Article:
1/ Trump's hardball tactics backfired as the Senate rejected its slimmed-down Obamacare repeal with Collins, Murkowski, McCain all voting no. The bill would have left 16 million more people uninsured by 2026 than Obamacare. Earlier in the week, Susan Collins and Lisa Murkowski voted against the motion to proceed, causing Trump to attack Murkowski on Twitter, saying she "really let the Republicans, and our country, down." Then, before yesterday's vote, Trump had Interior Secretary Ryan Zinke call Murkowski and Alaska's other Republican senator, threatening that the administration may change its position on issues that affect the state in order to punish Murkowski. She didn't budge. Shortly after the vote failed 49-to-51, Trump took to Twitter: "3 Republicans and 48 Democrats let the American people down. As I said from the beginning, let ObamaCare implode, then deal. Watch!" (Washington Post / New York Times / Bloomberg)

  • The night John McCain killed the GOP’s health care fight. A seven-year quest to undo the Affordable Care Act collapsed — at least for now — as John McCain kept his colleagues and the press corps in suspense over a little more than two hours late Thursday into early Friday. (Washington Post)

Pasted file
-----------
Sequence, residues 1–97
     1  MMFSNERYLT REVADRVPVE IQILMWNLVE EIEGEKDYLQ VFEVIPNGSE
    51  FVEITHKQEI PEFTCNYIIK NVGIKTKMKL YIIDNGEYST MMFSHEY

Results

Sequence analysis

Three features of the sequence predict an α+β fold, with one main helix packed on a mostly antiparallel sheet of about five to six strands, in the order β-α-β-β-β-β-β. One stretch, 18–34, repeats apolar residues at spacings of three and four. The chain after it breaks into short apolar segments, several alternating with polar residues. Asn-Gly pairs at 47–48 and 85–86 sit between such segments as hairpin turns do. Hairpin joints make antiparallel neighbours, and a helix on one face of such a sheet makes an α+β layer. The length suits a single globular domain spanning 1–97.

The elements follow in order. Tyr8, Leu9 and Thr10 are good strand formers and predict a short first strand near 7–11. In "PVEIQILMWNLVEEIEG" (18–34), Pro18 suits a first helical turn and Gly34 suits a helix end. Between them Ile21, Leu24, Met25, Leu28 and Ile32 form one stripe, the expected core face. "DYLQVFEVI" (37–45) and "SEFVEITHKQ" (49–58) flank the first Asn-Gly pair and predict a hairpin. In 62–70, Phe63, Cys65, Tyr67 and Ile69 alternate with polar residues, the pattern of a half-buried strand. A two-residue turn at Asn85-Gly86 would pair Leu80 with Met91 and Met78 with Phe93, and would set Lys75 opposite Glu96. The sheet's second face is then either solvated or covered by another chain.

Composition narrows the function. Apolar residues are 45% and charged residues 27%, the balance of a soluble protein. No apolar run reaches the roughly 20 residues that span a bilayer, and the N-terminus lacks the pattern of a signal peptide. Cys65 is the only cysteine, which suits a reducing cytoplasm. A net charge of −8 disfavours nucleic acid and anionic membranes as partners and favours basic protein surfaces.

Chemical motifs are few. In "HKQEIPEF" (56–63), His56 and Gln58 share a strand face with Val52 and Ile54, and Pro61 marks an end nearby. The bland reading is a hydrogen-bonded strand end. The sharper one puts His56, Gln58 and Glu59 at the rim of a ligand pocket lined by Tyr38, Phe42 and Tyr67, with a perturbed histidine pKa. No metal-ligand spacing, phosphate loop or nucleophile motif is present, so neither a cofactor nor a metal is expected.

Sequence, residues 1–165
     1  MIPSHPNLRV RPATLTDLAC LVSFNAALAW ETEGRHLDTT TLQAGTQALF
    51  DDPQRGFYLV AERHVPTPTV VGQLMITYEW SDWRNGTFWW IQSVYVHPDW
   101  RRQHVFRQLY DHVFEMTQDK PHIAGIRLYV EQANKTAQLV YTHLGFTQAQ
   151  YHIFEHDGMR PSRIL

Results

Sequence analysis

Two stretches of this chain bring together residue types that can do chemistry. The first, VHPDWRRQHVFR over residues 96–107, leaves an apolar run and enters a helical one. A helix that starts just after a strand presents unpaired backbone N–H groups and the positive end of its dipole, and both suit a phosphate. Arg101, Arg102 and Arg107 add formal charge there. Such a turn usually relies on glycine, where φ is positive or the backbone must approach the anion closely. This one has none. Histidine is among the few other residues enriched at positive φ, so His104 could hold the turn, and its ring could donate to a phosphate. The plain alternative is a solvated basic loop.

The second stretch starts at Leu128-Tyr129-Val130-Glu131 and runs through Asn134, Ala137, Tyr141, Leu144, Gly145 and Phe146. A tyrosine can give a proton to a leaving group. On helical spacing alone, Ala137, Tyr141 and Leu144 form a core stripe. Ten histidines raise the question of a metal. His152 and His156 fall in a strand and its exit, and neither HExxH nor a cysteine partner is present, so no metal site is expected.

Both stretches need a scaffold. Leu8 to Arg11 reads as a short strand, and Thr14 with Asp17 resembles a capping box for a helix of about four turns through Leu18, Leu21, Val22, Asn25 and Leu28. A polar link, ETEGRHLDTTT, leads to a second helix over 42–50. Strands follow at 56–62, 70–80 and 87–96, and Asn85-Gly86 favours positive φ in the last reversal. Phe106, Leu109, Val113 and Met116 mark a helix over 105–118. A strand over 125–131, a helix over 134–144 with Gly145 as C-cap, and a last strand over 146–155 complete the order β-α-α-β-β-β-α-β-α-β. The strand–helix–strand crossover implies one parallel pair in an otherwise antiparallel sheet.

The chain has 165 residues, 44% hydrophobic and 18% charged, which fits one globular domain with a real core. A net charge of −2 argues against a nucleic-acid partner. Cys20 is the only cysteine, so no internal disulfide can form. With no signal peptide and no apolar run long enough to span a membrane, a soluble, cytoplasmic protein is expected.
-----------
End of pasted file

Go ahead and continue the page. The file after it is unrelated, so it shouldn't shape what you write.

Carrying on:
• How McCain tanked Obamacare repeal. The maverick senator delivers a stunning rebuke to President Donald Trump and his own party leadership. (Politico)

  • How GOP rebels took down the Senate's plot to kill Obamacare. John McCain joined Republicans Susan Collins and Lisa Murkowski to obliterate President Trump’s health-care pledge. (The Daily Beast)

  • GOP Obamacare repeal bill fails in dramatic late-night vote. The Senate has dealt a devastating setback to Republican efforts to repeal and replace Obamacare, defeating a GOP "skinny repeal" bill early Friday morning. (CNN)

  • Why Senate Republicans couldn’t repeal Obamacare. The result is, for now, a crushing blow to seven years of promises to uproot the health care law. (Vox)

2/ A bipartisan group of roughly 40 House members have been exploring ways to stabilize Obamacare over the past month. Efforts are expected to take on greater urgency after the collapse of the Senate’s Obamacare bill. Trump has threatened to cut off Obamacare cost-sharing subsidies as soon as next month, which could leave about 25,000 people in 38 states at risk of having no insurers willing to offer coverage next year. (Politico)

  • Obama urged Congress to exercise the "political courage" to improve healthcare while praising everyone who "made their voices heard" against the GOP health care bill, an Obama spokesperson said. (The Hill / Vox)